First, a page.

I'm not sure it's a solution to everything but I think a few lyricists might appreciate it. We'll see.

 

Anyway, it's done. 

 

 

 

This wasn't working as intended, so I have deleted it before it became too much of a mess.

 

People can still create their own blogs to store their lyrics, though.

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On 5/10/2018 at 09:45, DonnaMarilyn said:

Ah, that's fine then, Alistair. It's still stated in the site's contest rules section, though, hence the confusion. ;)

That should be changed then - but I'm struggling to find it! Could you guide me because I must be looking in the wrong place? Thanks :) 

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I came across an interesting article recently. It’s  claimed that every story (which to me includes lyrics) in the world contains one of six basic plots.

 

http://www.bbc.com/culture/story/20180525-every-story-in-the-world-has-one-of-these-six-basic-plots

 

Very loosely in keeping with this blog’s original topic, I wondered whether any of us set out to write along the lines of any of the six storylines? Or do we realise after we’ve written our lyric that it happens to adhere to a particular main theme? For instance, we’re passionate about or moved or horrified by a situation and first pour our heart out, or we choose a major theme with the intention of writing something authentic in that context?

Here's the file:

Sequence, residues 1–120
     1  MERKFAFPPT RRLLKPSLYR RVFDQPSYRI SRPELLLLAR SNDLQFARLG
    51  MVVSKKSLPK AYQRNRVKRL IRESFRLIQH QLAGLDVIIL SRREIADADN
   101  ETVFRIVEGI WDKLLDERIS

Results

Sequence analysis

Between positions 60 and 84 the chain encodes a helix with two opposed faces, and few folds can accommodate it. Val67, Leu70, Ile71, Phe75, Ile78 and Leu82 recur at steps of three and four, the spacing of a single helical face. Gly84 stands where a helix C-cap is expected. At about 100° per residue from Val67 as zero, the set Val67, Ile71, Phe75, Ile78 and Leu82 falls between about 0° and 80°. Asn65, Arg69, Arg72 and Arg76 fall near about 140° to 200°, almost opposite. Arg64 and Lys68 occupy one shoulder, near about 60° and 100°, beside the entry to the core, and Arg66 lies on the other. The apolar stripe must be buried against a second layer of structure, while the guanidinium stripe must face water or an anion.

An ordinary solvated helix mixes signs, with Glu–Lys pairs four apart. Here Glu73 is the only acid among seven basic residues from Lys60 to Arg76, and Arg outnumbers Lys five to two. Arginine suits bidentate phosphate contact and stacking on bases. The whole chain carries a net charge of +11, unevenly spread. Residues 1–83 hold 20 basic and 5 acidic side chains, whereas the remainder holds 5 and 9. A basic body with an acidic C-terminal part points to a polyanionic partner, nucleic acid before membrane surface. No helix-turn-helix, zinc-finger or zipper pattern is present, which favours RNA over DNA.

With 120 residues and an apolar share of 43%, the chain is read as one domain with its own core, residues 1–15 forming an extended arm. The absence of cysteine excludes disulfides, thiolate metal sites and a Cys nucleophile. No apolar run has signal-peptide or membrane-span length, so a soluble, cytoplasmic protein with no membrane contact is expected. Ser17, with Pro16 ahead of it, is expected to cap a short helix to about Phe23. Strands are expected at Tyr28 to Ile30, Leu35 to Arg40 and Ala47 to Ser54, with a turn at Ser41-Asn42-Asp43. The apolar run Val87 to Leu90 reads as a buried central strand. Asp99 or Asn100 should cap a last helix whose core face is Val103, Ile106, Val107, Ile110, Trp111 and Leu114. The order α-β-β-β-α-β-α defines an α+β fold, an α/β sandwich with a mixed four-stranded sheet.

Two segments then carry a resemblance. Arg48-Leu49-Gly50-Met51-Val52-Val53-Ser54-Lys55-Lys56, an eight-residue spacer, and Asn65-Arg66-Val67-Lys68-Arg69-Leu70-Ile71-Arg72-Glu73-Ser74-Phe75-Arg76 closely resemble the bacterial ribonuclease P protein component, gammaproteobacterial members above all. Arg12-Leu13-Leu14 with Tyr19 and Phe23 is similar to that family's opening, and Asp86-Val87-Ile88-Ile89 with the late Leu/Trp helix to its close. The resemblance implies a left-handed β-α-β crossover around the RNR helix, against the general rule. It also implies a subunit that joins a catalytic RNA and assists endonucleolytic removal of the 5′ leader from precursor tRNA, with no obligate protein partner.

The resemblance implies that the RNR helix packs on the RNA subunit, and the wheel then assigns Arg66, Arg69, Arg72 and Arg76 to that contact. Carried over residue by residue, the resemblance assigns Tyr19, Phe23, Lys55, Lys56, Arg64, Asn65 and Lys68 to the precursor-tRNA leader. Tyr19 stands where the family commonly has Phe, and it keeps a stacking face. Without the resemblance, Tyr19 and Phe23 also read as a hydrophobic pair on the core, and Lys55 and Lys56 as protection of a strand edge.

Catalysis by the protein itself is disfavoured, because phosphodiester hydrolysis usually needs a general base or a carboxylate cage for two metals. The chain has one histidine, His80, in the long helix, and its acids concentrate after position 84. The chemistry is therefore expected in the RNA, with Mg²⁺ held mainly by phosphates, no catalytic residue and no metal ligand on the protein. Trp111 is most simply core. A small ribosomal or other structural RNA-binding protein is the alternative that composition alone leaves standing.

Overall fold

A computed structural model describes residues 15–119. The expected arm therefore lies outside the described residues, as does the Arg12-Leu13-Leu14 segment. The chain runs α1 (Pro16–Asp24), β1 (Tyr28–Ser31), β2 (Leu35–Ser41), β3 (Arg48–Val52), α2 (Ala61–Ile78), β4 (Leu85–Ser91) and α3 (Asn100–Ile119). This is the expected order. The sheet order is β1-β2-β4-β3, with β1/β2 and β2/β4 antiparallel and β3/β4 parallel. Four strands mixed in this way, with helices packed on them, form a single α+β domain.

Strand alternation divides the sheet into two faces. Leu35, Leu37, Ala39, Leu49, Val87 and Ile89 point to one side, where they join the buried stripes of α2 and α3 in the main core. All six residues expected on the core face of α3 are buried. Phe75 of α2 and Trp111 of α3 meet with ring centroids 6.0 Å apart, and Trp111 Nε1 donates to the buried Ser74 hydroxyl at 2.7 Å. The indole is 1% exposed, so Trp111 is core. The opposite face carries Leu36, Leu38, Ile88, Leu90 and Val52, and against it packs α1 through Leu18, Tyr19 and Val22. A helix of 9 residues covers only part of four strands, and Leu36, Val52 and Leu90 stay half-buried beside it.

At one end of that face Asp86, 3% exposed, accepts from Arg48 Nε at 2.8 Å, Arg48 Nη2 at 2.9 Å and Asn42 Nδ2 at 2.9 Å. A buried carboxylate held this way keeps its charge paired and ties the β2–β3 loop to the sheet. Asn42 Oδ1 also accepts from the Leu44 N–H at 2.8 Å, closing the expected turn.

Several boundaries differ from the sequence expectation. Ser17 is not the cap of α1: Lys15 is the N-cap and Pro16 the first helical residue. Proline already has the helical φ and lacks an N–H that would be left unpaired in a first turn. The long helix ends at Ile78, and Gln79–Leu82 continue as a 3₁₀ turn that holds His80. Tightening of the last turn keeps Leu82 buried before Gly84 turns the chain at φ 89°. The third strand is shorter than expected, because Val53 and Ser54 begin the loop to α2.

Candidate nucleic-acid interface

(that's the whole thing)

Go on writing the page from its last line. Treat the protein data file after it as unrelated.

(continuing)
Hoping a few folks might read the article and add their thoughts here. :)

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Hi Donna

 

   Being a novice and someone who plays by ear, I never bought into learning to read music or go advanced music theory. For what I write, it's not a necessity. Although I see if I did invest in time to learn how to read music, I could probably write alot of the background strings I use on the keyboard and have real strings do it.  Love the cello!

  I mean others may say studying music theory helps them in chord progressions or note placement, probably more so in jazz, but I have no use for it. If I cant hear it in my head or found it in the music I like, then why would I search any further for something that isnt inherently there?

  As far as lyrics, I never really sat around analyzing what I should write about. The melody will give me clues where I should go. I cant just tell myself Im going to focus on writing a love song. It's like beer, either you're in the mood for it or your not. Again, a professional will have a whole different take on this since it is their lively hood.

   Other writers might be more politically motivated and write what moves them at the moment. I tend to stay away from politics because most of it has a time stamp that doesnt always wear well. Maybe Ohio by CSN&Y would be that exception.

 

oh, I didnt read the article..lol  

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I haven't read the article yet, but looking at your reduction to three basic themes, I'm struck that all of them are AGAINST. And since it sometimes seems like 90 percent of songs are love songs and a huge chunk of those is NOT negative (ie, breakup or caught you cheating), I'm not sure how the AGAINST themes and the love songs fit together.